Consensus Is Building to Fight Climate Change, Ford Report Finds

Jackson Wheeler
7 Min Read

  • Ford’s chief futurist says the worldwide survey of 16,000 people reveals 69% say all-electric vehicles are the future (compared to 59% in the US, alone).
  • Globally, 47% of the respondents agree that people should drive EVs, but just 4% drive EVs themselves, and 35% say people should drive hybrids and 8% actually do so. (Ford F-150 Lightning is pictured above at a consumer test driving clinic in Dearborn, Michigan.)
  • Some 73% of those surveyed worldwide “worry about not having enough infrastructure to support EVs.”

It is important to “actively fight climate change today,” said 84% of people polled globally for the Further With Ford 2024 trends report, which this year carries the theme, ‘Charting My Path.’

The number is 77% in the United States and Australia on the low end, with 93% in China on the high end, Ford’s chief futurist, Jennifer Brace, said in a Society of Automotive Analysts webinar Thursday.

More from the annual survey of 16,000 respondents—“not focused on Ford customers,” according to Brace—from the general population of 16 countries: 69% say all-electric vehicles are the future.

US is third-lowest on this question, at 59%, above only France (47%) and Germany (50%). For the oil-rich Middle East, 78% expect EVs to take over some day.

What does this mean for the recent downshift in Ford’s transition to EVs, placing more emphasis on plug-in hybrids for the interim?

These results are designed to give the automaker a bird’s eye view of what is happening around the world, a scan of consumer sentiment and identity shifts, Brace explained.

ford chief futurist jennifer brace headshot


Ford’s Jennifer Brace.

Like most corporate futurist studies at a variety of corporations since early in the industrial revolution, the annual Further with Ford survey is designed to map out where the world is heading, not to give the company specific direction on how to plan for the changes. But ‘Charting My Path’ does back up Ford’s recent EV-to-PHEV downshift.

Globally, 47% of the respondents agree that people should drive EVs, but just 4% drive EVs themselves, and 35% say people should drive hybrids and 8% actually do so.

world map with 2024 further with ford survey results on climate change


Majorities worldwide say it’s important to actively fight climate change today.

“The hope is that these are people who are willing to do that,” Brace said of that 47% and 35%, and she expects many of them will buy one or the other when they get to their next car.

Globally, 73% of those surveyed “worry about not having enough infrastructure to support EVs,” which is higher than the number for the same question from the 2020 survey, 72%. Asked to agree with the statement, “I’m waiting to buy an EV until more people I know have them,” 56% globally said “yes,” breaking down to 54% for females and 58% for males.

Much of ‘Charting My Path’ has little direct connection with attitudes about buying new cars and trucks, although there are plenty of data for product planning. The question, “In the next 10 years, my ideal living/family situation looks like …” 26% “having children” vs. 34% “having pets” might dictate the need to design more two-row SUVs and fewer three-row SUVs.

“I am afraid of AI”: 51% agree, an 11% increase from the 2019 survey. “I don’t really understand AI”: 50% agree, up 6% from 2019. And 55% agree “AI will be stronger than the human mind within 10 years,” a 7% increase over five years. Perhaps this is why Ford has removed parallel parking capability from its automated vehicle technology?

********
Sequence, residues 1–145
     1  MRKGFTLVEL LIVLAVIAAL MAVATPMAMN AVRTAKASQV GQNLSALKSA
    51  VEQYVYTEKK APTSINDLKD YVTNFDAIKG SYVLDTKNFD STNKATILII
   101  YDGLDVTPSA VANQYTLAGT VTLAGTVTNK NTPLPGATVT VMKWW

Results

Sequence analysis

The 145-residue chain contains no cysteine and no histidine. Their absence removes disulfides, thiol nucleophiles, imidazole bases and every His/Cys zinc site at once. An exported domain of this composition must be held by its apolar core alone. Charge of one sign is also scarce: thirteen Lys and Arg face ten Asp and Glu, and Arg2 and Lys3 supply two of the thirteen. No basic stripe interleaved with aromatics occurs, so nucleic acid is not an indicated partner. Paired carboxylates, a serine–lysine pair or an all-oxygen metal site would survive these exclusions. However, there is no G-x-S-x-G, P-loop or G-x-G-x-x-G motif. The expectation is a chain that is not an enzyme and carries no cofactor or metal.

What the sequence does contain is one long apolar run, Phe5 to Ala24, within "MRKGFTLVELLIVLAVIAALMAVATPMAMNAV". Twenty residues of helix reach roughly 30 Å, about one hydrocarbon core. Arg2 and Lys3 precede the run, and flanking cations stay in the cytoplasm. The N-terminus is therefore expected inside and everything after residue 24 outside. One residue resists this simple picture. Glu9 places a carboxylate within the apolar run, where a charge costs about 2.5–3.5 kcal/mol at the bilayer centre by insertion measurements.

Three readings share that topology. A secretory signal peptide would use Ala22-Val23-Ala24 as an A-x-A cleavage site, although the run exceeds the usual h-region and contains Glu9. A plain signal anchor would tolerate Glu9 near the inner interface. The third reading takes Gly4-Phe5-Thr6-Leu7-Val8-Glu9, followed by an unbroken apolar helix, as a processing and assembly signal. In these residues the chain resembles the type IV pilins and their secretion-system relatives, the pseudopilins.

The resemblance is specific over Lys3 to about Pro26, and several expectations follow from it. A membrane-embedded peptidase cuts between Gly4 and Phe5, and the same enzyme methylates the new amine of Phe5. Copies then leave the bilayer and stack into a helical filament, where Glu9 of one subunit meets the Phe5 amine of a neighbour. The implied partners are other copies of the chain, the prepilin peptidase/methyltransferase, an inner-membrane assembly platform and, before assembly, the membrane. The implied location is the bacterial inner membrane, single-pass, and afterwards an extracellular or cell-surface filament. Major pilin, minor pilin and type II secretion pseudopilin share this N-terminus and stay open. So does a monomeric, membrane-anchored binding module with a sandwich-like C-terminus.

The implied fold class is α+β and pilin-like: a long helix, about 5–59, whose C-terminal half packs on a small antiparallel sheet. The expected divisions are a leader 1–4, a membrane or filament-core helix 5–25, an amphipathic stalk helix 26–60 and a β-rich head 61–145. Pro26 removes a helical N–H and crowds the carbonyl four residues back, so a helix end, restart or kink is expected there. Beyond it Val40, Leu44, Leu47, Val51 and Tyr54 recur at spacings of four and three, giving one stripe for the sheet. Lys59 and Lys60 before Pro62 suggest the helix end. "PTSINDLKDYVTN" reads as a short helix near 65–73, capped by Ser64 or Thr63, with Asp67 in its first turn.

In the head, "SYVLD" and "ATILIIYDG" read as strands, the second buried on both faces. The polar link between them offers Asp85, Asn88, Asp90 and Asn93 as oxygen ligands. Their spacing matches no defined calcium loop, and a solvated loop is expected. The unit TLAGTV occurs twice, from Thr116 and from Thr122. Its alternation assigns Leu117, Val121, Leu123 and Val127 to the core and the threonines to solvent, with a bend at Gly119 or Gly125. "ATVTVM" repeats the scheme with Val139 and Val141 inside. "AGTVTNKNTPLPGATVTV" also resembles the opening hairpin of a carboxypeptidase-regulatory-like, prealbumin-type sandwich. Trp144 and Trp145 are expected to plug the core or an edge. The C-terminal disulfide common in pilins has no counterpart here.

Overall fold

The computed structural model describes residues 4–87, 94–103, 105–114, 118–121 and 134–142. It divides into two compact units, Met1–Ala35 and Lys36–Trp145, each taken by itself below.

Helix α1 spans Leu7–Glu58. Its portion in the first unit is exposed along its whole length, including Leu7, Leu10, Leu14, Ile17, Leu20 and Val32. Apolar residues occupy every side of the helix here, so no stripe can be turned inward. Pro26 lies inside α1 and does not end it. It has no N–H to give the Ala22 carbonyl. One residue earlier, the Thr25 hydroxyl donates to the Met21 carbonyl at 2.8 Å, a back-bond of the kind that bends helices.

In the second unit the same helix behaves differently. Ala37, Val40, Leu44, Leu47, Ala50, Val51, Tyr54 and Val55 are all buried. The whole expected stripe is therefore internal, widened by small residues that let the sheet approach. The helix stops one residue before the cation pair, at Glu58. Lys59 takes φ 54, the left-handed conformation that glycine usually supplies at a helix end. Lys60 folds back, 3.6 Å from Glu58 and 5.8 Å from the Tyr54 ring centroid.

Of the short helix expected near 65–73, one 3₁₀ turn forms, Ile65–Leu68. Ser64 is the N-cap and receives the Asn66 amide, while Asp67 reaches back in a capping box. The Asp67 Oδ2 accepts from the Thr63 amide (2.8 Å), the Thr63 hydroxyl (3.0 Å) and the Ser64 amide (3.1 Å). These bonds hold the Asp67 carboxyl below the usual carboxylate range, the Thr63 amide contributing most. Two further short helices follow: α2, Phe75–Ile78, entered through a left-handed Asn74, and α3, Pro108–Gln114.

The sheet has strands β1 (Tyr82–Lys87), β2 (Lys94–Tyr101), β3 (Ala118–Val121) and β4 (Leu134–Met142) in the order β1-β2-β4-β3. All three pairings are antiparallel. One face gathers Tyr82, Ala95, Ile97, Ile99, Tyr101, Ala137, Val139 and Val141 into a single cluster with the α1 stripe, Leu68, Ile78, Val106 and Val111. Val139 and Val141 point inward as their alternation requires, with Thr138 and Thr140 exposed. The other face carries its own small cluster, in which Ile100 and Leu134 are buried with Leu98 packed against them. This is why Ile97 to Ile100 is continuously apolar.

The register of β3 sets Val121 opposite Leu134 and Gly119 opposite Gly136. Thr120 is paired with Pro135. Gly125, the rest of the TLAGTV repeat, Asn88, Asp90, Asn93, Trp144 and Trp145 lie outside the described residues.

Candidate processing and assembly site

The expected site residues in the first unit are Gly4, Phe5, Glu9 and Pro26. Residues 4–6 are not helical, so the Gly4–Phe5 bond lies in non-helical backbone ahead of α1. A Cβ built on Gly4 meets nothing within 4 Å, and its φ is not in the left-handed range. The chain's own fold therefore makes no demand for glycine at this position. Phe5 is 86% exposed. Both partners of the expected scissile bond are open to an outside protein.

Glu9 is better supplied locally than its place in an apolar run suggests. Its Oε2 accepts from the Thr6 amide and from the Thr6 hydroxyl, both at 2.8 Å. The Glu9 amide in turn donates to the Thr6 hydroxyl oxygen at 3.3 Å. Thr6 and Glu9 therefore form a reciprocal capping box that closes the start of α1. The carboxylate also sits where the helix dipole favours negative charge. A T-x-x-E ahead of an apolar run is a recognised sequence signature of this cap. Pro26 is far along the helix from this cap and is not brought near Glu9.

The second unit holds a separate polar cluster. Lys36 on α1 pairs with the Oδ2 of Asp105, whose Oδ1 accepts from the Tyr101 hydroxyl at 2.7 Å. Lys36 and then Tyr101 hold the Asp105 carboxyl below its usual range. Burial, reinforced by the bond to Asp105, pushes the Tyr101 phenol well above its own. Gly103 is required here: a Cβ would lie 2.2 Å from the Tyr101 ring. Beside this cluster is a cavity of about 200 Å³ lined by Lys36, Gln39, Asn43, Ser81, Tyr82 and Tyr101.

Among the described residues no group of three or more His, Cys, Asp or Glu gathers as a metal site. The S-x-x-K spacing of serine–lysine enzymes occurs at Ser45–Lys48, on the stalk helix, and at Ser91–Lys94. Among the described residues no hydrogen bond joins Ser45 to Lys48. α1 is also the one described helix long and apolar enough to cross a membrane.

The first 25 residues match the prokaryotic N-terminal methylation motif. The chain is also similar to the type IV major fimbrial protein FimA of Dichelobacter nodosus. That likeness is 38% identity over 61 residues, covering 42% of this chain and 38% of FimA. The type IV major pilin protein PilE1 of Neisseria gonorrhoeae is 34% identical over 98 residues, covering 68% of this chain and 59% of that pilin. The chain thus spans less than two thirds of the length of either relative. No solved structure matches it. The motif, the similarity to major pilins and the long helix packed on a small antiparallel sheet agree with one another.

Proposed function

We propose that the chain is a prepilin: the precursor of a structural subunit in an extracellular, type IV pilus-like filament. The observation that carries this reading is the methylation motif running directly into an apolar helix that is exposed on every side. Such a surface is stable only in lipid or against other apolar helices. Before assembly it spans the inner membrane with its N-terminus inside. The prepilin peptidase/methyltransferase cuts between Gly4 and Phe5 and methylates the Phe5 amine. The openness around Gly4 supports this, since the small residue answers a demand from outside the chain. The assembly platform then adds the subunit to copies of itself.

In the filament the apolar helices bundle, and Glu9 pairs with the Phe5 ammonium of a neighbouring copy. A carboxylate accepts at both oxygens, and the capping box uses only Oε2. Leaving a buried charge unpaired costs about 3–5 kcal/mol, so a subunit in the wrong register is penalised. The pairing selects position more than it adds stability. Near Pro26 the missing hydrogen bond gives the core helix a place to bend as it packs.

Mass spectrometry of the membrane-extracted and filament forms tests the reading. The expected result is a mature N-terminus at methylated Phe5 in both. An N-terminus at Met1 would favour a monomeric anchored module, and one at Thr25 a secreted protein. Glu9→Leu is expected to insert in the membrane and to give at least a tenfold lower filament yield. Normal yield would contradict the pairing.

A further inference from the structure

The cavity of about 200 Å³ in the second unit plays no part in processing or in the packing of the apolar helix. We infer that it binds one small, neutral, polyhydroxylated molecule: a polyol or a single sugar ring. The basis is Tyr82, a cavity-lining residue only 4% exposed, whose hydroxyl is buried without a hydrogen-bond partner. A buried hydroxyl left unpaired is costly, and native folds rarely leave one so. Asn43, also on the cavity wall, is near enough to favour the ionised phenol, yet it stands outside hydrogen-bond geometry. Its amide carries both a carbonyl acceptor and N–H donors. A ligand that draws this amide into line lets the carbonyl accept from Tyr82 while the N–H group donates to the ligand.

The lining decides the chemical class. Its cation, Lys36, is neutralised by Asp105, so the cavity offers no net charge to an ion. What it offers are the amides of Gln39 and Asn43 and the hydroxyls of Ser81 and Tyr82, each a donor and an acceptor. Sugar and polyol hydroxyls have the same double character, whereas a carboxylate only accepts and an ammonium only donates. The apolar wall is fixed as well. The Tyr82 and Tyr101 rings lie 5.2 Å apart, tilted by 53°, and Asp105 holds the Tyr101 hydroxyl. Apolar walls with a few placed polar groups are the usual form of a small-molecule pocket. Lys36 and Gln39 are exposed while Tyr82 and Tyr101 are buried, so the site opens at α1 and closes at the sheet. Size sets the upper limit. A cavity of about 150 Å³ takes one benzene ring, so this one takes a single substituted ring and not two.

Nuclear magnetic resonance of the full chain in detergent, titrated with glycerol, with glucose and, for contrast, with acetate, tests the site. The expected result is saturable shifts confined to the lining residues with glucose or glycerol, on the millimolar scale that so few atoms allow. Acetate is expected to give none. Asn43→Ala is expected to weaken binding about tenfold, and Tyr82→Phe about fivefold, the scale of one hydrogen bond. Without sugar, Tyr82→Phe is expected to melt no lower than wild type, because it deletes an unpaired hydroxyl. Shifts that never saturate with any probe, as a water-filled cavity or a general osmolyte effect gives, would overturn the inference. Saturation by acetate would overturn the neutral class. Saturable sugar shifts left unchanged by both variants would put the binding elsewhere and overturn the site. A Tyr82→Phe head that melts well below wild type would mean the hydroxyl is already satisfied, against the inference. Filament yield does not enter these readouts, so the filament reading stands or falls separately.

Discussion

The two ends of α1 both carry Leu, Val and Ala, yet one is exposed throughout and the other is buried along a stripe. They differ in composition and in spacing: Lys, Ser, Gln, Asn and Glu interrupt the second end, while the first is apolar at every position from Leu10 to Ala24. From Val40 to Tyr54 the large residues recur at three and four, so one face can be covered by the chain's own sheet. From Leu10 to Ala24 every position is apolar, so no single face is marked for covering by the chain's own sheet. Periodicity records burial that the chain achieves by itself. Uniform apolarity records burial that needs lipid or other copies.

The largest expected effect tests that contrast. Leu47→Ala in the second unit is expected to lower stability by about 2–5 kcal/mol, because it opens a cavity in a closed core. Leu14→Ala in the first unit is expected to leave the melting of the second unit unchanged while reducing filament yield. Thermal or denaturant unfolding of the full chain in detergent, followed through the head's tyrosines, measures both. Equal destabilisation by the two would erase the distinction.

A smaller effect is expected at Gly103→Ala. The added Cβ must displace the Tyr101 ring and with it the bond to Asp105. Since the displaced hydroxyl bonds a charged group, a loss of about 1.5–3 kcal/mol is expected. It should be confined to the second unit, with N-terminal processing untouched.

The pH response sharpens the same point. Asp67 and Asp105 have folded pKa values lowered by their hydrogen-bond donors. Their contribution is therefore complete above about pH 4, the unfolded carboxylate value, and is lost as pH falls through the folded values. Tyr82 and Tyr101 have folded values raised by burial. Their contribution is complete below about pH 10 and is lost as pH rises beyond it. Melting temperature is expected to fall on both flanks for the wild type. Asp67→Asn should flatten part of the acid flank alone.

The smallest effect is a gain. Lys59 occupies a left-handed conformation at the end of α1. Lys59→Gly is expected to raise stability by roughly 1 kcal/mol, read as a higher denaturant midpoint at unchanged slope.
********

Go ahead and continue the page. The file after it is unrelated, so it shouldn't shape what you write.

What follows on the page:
chart showing 2024 further with ford survey how to fight climate change


Some strategies to fight climate change appear to be easier than others.

Globally, 29% like the idea of “digital detoxing,” cutting back on smartphone use, or shutting it off for a day, for example, with the number 28% in the US and a high of 46% in India. Brace anecdotally noted newfound popularity of old-fashioned, non-smart flip phones among Generation Z. Self-care trends emphasizing serenity bode well for Lincolns, with their quiet, coddling interiors, she said.

But then there’s “Working for Balance,” in which 77% globally of those employed agree with, “I prioritize a balanced personal worklife over my advancement at work,” and that 52% globally of those employed agree “to achieve a lifestyle that prioritizes my quality of life, I would be willing to take a 20% pay cut.”

Try making the monthly payments on a Lincoln with that.

If you believe that climate change is real, have you altered your lifestyle? If so, how? Please comment below.

Headshot of Todd Lassa

As a kid growing up in Metro Milwaukee, Todd Lassa impressed childhood friends with his ability to identify cars on the street by year, make, and model. But when American automakers put an end to yearly sheetmetal changes, Lassa turned his attention toward underpowered British sports cars with built-in oil leaks. After a varied early journalism career, he joined Autoweek, then worked in Motor Trend’s and Automobile’s Detroit bureaus, before escaping for Mountain Maryland with his wife, three dogs, three sports cars (only one of them British), and three bicycles. Lassa is founding editor of, which has nothing to do with cars.

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Jackson Wheeler is a skilled editor at, specializing in automotive content. With a background in Journalism and Automotive Engineering, he combines his passion for cars with his writing expertise to deliver captivating articles. Jackson's deep knowledge of automotive technology and his racing experience make him a valuable asset to the team, providing readers with informative and engaging content.
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